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Via America’s Lawyer: Mollye Barrows, Legal Journalist for The Trial Lawyer Magazine, explains why more than 100 lawsuits have been filed after e-cigarettes exploded on users.

Transcript:

Peter:
Tobacco smokers have been switching over to E-cigarettes as a better alternative for their health and many believed it was until the devices starting to explode in their mouths and pockets.

Joining me to talk about this is legal journalist for Trial Lawyer Magazine, Mollye Barrows. Mollye, thanks for coming.

Mollye:
Yes, thanks for having me Peter. This is a crazy story.

Peter:
It really is. Now, there’s about 100 lawsuits filed so far I think by our current counts. Tell us a little bit about what’s going on. What’s the allegations in the lawsuits?

Mollye:
Yeah, so they’re have been a number of lawsuits filed over this particular incident and so you’re having explosions in people’s pockets, you’re having explosions when they use them. These are just some of the allegations that are coming out in these lawsuits and the problem seems to be the batteries. They’re overheating, they’re exploding whether somebody’s using it or perhaps the battery comes into contact if it’s loose in your pocket with some change or something like that.

It’s causing severe burns. One woman had dental problems after one exploded when she was using it. Another guy had to have part of his finger amputated along with tongue surgery after exploded while he was using it. And still yet, another guy had a battery explode in his pocket and it caused severe burns, which included skin grafts and all these other issues that he had to have multiple surgeries just to repair the damage and that was in his pants pocket of his leg.

So, you’re having serious problems with these and there’s, of course, some debate as there always is over who is at fault.

Peter:
Yes, of course ’cause I’m sure the lawsuits that are filed, I mean, who are the defendants? Are they admitting responsibility, are they fighting the allegations? What’s the status of the litigation?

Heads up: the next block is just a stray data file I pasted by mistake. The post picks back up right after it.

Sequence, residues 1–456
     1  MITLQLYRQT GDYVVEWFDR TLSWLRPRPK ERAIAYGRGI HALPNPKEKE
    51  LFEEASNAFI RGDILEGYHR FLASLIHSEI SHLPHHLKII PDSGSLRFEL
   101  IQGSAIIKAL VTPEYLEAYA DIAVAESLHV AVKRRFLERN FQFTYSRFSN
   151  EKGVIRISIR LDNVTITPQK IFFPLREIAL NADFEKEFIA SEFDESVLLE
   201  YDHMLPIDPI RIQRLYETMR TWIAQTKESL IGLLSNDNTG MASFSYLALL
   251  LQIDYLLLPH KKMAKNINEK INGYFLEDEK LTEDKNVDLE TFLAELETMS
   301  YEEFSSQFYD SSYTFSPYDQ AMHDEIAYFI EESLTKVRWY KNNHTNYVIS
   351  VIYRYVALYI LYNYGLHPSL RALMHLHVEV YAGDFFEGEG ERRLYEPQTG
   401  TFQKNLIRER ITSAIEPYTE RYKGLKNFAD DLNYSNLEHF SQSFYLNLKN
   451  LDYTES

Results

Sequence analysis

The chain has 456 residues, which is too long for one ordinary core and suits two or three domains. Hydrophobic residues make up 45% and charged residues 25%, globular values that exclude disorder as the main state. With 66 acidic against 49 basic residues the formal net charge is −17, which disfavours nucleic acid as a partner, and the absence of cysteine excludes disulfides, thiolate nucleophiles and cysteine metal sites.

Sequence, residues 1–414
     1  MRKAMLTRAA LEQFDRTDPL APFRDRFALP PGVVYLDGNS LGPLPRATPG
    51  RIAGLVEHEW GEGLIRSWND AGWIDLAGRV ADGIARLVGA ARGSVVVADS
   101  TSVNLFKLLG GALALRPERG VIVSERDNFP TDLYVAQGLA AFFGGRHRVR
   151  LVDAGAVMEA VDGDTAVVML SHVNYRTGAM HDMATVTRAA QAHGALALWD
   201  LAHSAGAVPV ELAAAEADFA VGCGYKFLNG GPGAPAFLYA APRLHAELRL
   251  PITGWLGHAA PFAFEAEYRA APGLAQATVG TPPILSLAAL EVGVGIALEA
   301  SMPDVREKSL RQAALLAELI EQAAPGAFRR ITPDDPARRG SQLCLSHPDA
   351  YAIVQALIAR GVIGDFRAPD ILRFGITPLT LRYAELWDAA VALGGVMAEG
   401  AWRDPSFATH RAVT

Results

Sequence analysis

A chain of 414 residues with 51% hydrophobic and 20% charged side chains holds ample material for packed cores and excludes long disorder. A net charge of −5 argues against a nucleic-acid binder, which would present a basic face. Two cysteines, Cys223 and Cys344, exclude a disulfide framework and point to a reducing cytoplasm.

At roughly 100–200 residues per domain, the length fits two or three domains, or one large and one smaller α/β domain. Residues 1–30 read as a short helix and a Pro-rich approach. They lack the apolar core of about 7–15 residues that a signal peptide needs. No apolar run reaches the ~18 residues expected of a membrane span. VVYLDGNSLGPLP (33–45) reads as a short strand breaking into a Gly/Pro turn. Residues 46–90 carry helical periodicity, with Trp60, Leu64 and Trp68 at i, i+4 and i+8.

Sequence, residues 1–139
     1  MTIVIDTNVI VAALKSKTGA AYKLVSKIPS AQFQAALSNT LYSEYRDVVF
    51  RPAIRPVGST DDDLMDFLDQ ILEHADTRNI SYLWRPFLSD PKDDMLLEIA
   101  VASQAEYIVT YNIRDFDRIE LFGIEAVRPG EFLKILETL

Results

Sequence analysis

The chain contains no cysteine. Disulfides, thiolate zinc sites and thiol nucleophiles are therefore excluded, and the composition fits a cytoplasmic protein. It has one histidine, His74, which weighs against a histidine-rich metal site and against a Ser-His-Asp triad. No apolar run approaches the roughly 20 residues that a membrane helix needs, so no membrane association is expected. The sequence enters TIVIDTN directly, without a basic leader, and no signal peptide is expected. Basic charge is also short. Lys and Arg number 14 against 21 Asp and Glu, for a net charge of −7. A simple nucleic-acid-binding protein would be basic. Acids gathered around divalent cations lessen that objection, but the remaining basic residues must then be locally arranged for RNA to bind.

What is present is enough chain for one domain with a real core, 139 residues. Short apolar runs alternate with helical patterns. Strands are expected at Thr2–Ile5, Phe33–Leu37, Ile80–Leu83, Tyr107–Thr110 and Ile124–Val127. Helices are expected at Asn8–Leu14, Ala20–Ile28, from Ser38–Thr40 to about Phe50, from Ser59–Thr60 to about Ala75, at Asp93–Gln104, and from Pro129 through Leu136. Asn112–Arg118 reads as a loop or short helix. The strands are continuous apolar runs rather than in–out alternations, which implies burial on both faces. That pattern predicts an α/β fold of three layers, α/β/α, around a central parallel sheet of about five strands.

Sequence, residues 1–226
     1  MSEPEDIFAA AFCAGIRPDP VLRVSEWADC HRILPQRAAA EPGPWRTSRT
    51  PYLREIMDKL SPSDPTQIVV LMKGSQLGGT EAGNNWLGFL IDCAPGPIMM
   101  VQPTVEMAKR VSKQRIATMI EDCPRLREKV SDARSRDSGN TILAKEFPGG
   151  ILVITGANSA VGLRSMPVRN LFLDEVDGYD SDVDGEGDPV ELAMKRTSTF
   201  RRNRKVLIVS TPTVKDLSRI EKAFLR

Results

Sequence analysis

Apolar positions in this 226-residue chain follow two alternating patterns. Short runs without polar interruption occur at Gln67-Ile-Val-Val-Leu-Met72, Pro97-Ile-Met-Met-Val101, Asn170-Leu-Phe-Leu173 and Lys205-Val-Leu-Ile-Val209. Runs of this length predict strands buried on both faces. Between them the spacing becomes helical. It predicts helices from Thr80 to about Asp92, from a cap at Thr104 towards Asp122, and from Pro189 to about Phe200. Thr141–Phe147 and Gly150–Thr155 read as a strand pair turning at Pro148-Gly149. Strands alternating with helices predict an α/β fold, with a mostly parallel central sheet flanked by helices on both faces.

Mollye:
They are, so, you’re seeing some lawsuits that are filed strictly against the manufacturers and when it comes to the manufacturers, they’re predominantly the ones that these lawsuits are being targeted by these lawsuits along with distributors as well as others that market the product because they’re basically saying some of these folks that are filing the lawsuits again, going back to the batteries, that the batteries are the issue. That they know that these batteries are defective in some cases and that they’re allowing them to be distributed or to go onto the market or allow people to use them regardless knowing what the dangers are.

You’re talking about 500 companies worldwide that are selling these products and that’s about a seven billion dollar a year industry so with so much money at stake and so many of these batteries coming from China, there’s some question as to how in these lawsuits, how well made these batteries are and perhaps there’s just not enough oversight from the manufacturer to the distributor to weed out some of these bad batteries.

Peter:
Is it typically the batteries? Is that the cause that we’re finding, it’s the batteries over and over again?

Mollye:
Yes, well, that’s what it seems to be pointing to a good bit of the time. Now, is that the case every single time? There’s still some debate about that, but, most of these injuries it seems like are being caused when the battery explodes and it is a painful thing because I can imagine that it would be. It’s filled with battery acid, basically, these batteries are over heating, they’re exploding and it’s spilling ’cause they’re Lithium Ion batteries and they’re spilling chemicals onto your skin and obviously that’s gonna cause a lot of damage as well as property damage, not only to your body, but somewhere, there’s some video, in fact, floating around of a guy on a bus. So you see these other people sort of backing away around him or if that happens in your home and you set something else on fire. Those are some of the dangers that are occurring.